Table 2 describes the teachers’ personal characteristics. A total of 120 teachers who had been teaching IMSs/INSs online courses were invited to participate in the study and 95 of them responded, translating to a response rate of 79.2%. About 48.4% of the responding teachers were lecturers or teaching assistants. Fifty-one (53.7%) taught basic subjects and 83 (87.4%) undertook work in addition to teaching. The majority of them (74.7%) had no online teaching experience and the bulk of the teachers (80.0%) taught at home.

Table 2 Teachers’ personal characteristics

Personal characteristics affecting students’ and teachers’ online education satisfaction

Table 3 shows the influence of the students’ characteristics on their assessment of online education quality. For the purpose of discussion, students’ years of study were divided into basic years and clinical years and their countries of origin were grouped into Asian and African countries. Overall, 36.5% of the students were positive about the online learning. More students in their clinical years (72.5%) were negative about the online learning effect than those in their basic years (58.7%) (P < 0.05). A higher percentage of African students (73.0%) were dissatisfied with online learning compared to their Asian counterparts (56.2%) (P < 0.01). In addition, the percentage of the dissatisfied students inside China (80.5%) was higher than that of dissatisfied students outside China (54.9%) (P < 0.01).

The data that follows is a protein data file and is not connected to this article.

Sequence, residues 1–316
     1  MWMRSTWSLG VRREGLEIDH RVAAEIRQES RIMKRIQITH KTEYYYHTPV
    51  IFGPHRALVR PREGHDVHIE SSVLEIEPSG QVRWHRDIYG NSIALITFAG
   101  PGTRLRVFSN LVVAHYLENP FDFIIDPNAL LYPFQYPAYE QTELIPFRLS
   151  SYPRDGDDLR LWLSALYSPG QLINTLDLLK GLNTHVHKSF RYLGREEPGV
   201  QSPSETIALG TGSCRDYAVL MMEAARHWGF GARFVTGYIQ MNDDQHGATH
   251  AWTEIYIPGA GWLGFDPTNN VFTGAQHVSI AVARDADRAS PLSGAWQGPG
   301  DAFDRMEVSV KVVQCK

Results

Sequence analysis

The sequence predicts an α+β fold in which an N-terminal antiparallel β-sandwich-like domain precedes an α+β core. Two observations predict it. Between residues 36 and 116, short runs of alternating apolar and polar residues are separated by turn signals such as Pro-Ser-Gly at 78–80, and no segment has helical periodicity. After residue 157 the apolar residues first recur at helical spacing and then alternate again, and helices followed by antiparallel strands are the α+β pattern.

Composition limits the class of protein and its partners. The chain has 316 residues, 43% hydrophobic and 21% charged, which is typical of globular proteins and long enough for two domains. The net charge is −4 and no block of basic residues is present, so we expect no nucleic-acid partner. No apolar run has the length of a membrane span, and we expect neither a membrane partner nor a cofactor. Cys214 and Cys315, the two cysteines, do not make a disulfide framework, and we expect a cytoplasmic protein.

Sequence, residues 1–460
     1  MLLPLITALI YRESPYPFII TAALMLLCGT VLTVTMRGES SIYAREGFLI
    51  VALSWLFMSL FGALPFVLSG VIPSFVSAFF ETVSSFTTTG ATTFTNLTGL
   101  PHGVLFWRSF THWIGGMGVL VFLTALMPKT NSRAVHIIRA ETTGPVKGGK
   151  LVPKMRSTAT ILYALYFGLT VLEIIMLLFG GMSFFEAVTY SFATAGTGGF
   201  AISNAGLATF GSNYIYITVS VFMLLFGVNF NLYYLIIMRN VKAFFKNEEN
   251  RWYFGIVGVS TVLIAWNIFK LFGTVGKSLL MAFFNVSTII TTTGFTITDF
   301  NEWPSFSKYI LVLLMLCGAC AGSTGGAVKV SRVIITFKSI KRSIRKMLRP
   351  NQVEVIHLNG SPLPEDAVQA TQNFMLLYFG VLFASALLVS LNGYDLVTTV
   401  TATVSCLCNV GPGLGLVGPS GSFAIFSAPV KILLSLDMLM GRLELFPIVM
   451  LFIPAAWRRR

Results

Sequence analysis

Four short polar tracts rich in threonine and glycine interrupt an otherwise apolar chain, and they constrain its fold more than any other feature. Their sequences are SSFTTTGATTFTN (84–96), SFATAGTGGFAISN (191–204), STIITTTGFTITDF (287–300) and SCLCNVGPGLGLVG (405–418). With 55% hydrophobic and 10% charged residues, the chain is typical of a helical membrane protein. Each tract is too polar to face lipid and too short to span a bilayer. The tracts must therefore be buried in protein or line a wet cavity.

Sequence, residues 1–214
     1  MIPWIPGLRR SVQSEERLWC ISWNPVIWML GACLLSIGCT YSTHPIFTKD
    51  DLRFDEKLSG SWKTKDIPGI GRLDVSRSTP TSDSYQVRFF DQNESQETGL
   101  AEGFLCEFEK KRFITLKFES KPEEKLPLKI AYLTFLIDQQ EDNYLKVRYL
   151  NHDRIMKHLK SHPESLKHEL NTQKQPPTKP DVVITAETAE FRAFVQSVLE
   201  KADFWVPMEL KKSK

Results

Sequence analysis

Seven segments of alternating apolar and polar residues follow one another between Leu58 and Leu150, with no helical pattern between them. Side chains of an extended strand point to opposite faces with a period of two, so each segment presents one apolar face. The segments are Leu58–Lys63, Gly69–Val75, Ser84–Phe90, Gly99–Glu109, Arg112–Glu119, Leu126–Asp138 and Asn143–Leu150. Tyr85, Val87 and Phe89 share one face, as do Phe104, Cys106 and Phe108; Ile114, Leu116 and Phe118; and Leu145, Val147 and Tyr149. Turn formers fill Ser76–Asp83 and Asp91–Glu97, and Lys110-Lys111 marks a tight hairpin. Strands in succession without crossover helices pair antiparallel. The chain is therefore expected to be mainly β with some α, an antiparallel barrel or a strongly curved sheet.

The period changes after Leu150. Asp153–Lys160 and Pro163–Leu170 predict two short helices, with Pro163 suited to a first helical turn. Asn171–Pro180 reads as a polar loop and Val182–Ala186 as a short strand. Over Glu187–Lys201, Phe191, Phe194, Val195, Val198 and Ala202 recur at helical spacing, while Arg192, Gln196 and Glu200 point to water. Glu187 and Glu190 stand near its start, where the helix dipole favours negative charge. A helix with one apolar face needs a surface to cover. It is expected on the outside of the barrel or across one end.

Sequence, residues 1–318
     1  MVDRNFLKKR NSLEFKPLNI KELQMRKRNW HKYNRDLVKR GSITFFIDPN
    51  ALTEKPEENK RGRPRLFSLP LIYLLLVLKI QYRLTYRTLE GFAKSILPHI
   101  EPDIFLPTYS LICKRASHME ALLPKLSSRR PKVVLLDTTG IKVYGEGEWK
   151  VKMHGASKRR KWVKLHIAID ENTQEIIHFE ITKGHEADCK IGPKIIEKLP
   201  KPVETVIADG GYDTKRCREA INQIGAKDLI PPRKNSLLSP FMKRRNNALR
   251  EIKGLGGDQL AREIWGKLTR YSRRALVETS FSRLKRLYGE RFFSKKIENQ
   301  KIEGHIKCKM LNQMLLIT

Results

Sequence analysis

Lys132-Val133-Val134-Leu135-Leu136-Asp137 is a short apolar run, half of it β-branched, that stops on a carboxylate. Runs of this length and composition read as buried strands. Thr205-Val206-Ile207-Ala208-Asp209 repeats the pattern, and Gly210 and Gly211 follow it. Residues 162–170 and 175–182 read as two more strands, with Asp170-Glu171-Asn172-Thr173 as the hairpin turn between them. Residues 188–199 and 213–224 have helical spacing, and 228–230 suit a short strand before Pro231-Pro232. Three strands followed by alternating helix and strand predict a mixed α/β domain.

Table 3 Students’ personal characteristics affecting their online education satisfaction (n = 230)

The influence of the teachers’ characteristics on their assessment of online education quality is shown in Table 4. Overall, 61.1% of the teachers were satisfied with the online education effect. Professional title was identified as a significant characteristic associated with teachers’ satisfaction of online education (P < 0.01), while other characteristics were not. Pairwise comparison revealed that the percentage of the dissatisfied professors (71.4%) was significantly higher than that of dissatisfied associate professors (28.6%).